Nothing is more distracting than worrying about STIs and pregnancy during sex. Even if it feels awkward, it is so, so, so important to chat with your partner beforehand about what you’ll do to protect yourselves. Use a condom even if you’re on another form of birth control to protect you both from STIs unless you are both monogamous with each other and STI-free (check out local clinics like Planned Parenthood for free/affordable testing).
“Make sure you enthusiastically consent to each and every thing the two of you do together,” Marin says. “‘Enthusiastic’ is a key part of that sentence. Don’t just go along with something; make sure you’re excited about it.” Remember that just because you start an activity — for example, intercourse — you don’t have to finish or continue it: You have the right to pause or stop whatever it is. No. Matter. What. Same goes for your partner, of course: Check in with each other as things progress to make sure you’re both enthusiastic about what you’re doing.
A big part of enjoying sex is focusing on the sensations you’re feeling instead of, for example, your nervousness (which is totally common to feel your first time, even if you know you’re ready to have sex). “Deep breathing is a fantastic way to let go of distracting thoughts,” Marin points out. As you’re taking those deep breaths, focus on how different parts of your body are feeling and how your partner’s body feels against yours — not just the obvious part (penis in vagina) but their fingers in your hair, hands on your hips, whatever it is.
The more aroused you are, the better sex is likely to feel, so don’t neglect foreplay — including oral sex, manual sex, and, yes, good, old-fashioned kissing. “You’re more likely to orgasm from oral sex or fingering,” Marin says, “so resist the temptation to think of these activities as the things you do before moving on to the ‘main event.’” Whether or not you do orgasm the first time you have sex, clitoral stimulation is the key to most women’s pleasure, and vaginal intercourse doesn’t usually provide very much of it.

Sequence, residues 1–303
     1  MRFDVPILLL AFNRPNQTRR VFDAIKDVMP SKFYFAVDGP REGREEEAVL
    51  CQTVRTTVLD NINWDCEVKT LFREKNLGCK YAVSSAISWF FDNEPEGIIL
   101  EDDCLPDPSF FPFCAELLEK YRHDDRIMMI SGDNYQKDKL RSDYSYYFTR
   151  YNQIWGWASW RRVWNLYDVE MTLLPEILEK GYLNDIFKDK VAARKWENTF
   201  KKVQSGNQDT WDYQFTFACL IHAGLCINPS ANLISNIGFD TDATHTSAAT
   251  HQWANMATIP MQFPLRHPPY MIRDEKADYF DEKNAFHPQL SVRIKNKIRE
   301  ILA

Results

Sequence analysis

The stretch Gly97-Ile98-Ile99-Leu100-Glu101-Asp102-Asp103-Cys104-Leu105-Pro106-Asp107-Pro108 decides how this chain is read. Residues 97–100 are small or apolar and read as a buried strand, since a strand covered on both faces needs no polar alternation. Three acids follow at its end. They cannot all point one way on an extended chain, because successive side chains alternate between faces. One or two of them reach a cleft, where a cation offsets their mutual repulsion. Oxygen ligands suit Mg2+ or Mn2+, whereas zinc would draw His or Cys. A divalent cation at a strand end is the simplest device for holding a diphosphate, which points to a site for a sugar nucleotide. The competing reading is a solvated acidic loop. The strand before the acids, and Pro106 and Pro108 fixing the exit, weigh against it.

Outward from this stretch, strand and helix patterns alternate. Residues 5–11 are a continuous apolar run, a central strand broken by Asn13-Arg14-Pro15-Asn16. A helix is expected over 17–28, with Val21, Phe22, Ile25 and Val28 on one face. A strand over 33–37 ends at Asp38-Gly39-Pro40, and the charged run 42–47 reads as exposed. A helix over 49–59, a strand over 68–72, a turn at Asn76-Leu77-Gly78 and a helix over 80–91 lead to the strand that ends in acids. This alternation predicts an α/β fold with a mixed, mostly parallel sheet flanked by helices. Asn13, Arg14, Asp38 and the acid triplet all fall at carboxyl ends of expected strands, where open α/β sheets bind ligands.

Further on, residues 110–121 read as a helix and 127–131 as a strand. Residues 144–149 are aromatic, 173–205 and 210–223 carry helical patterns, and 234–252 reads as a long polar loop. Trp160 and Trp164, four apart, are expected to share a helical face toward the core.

It’s natural to worry that you won’t be “good” in bed your first time, but trust: what matters most is that you are invested in how your partner feels and vice versa, and that you two are communicating about it. “A lot of people get anxious about sexual performance, but perhaps the best quality in a lover is enthusiasm,” Marin says. “If you’re genuinely enjoying pleasuring him, he’ll notice it, and he’ll have a lot more fun too.” Simple questions like, “How does that feel?” and, “Do you like it when I [fill in the blank]?” give your partner a chance to express appreciation for what you’re doing or (gently) ask for something a little different. (As well as prompt them to ask you the same questions!)
A common concern is that if you tell your partner something doesn’t feel good — or something else would feel better — they’ll feel attacked. But if they care about your pleasure, they’ll be happy to hear how to help you feel it. In the moment, it can be hard to figure out what exactly you want, so it can be helpful to talk after the fact about what you enjoyed, what you could do without, and what you’d like to try next time. And if you don’t have an orgasm, don’t feel pressure to pretend to have one. Think of orgasming not as your responsibility but as a fun goal to work toward with your partner(s), together.
Using lube sometimes gets a bad rap as a sign that you’re not turned on enough, but even if you and your body are saying “OK, let’s do this!” a little lube can make sex so much more pleasurable. Another benefit of using a water- or silicone-based lube with a condom (avoid oil-based lube, which can degrade latex) is that less friction means the condom is less likely to tear.
Whether premature ejaculation, a limp penis, or inability to orgasm strike, it doesn’t mean something is wrong with your partner or you failed them somehow. Comfort with a new partner often takes time and communication, and that goes for both men and women.
Teen movies and TV shows sold us a pretty unrealistic vision of what having sex for the first time looks like. It’s always perfectly choreographed and mood-lit and romantic, and ends in an implied simultaneous orgasm. As if. Don’t expect fireworks the first time you have sex — sex is messy and human and flawed and often awkward whether it’s your first time or your thousandth. It’s the practice and the exploration that make sex fun.